Dublin at its dark­est

NICK REN­NI­SON en­joys an un­usual and macabre story from the 19th-cen­tury streets of the Ir­ish cap­i­tal

BBC History Magazine - - Books / Fiction - Nick Ren­ni­son is the au­thor of Carver’s Truth (Corvus, 2016)

The Coroner’s Daugh­ter By An­drew Hughes Dou­ble­day, 336 pages, £13.99

Few works of his­tor­i­cal fic­tion have such an ar­rest­ing open­ing sen­tence as this sec­ond novel by Ir­ish au­thor An­drew Hughes. “For my 18th birth­day,” it be­gins, “fa­ther promised me the hand of a hand­some young man, which he duly de­liv­ered mounted in a glass bell-jar.” In its blend of the macabre, the un­ex­pected and the blackly hu­mor­ous, it sets the tone for the story that fol­lows.

Set in 1816, Hughes’s tale is nar­rated by Abi­gail Law­less, daugh­ter of the north Dublin coroner. She shares her fa­ther’s fas­ci­na­tion with foren­sic science and chafes against the re­stric­tions that her class and gen­der place upon her life. When a young nurse­maid in a neigh­bour’s house, who has con­cealed her preg­nancy and then sup­pos­edly killed her new­born son, is her­self found dead, Abi­gail is cer­tain that there is more to the story than the au­thor­i­ties be­lieve. Ven­tur­ing out of the safe con­fines of her home and her ev­ery­day rou­tines, she be­gins her own in­ves­ti­ga­tions.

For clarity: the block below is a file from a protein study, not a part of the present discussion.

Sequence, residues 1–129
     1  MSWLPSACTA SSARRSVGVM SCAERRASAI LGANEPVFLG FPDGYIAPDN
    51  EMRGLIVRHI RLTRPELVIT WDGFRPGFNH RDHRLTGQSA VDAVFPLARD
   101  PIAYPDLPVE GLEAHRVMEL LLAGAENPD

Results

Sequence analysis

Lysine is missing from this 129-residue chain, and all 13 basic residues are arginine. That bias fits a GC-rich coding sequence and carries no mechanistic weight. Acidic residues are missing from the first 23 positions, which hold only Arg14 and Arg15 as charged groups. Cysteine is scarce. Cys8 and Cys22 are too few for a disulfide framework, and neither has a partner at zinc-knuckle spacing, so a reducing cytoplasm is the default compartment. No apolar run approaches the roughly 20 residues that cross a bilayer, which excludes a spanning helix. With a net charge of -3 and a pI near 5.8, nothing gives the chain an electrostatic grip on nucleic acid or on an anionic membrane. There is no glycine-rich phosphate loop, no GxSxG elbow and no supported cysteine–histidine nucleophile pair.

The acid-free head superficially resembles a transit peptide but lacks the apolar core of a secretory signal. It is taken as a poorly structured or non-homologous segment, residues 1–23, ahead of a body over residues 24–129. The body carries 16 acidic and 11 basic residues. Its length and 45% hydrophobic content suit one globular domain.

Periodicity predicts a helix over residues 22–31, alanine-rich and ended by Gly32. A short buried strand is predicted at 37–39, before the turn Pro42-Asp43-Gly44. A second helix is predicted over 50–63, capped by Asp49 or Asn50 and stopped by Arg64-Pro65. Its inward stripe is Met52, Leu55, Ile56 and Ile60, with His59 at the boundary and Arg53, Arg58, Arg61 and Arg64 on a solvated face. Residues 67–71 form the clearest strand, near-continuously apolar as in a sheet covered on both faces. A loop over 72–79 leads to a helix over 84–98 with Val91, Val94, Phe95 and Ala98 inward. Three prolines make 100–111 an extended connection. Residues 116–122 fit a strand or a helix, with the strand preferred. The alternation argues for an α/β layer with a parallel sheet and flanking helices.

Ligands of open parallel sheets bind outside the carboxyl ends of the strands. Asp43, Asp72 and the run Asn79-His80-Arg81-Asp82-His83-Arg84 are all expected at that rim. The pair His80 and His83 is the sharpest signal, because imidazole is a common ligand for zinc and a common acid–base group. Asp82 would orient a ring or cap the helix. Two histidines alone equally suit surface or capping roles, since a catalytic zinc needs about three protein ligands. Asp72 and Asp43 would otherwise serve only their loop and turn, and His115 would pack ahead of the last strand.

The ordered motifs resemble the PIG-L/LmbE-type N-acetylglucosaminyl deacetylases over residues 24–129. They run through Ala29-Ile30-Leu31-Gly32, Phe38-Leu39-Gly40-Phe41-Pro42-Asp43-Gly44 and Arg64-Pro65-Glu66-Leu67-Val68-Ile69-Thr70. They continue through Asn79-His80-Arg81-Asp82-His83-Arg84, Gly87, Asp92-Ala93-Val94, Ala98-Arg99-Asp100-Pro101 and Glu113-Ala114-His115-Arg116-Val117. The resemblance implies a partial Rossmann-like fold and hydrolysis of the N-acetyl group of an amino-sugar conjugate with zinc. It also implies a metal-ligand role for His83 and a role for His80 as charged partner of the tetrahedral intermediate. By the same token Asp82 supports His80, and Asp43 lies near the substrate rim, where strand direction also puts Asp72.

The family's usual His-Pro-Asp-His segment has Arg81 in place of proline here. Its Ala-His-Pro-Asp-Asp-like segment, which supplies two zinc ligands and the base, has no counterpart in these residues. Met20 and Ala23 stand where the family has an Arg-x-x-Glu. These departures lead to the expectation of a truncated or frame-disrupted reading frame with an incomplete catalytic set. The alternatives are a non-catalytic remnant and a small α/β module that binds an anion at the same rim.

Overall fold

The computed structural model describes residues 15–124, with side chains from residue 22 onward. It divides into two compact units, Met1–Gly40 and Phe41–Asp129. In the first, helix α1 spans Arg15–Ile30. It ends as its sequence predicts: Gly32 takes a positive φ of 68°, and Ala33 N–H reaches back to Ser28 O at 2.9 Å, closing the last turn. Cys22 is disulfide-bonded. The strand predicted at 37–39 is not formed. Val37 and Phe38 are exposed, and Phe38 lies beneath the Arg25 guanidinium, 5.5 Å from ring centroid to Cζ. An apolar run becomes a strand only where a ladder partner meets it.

Abi­gail rapidly finds her­self in deep wa­ters. Pow­er­ful peo­ple want the whole sor­did busi­ness hushed up and will twist the law to en­sure that it is. Mr Darby, the charis­matic leader of an evan­gel­i­cal Chris­tian sect, seems to have se­crets to con­ceal. One of his fol­low­ers, a young woman who was once Abi­gail’s friend, is found drowned in a reser­voir. And a sin­is­ter figure, a mys­te­ri­ous man with a lazy eye, ap­pears to be stalk­ing Abi­gail through the city streets. Her own life looks to be in dan­ger.

The Coroner’s Daugh­ter raises some ques­tions it doesn’t an­swer sat­is­fac­to­rily. Would a young woman of that era and class, even one so spir­ited and in­tel­lec­tu­ally ad­ven­tur­ous as Abi­gail, be free to act as she does? Does the com­pli­cated and twist­ing plot ring en­tirely true? De­spite these reser­va­tions, The Coroner’s Daugh­ter is un­doubt­edly a richly at­mo­spheric, un­usual and very read­able his­tor­i­cal thriller.

An­drew Hughes’s darkly hu­mor­ous novel opens with a fa­ther’s strange gift to his daugh­ter on her birth­day: body parts in a bell-jar

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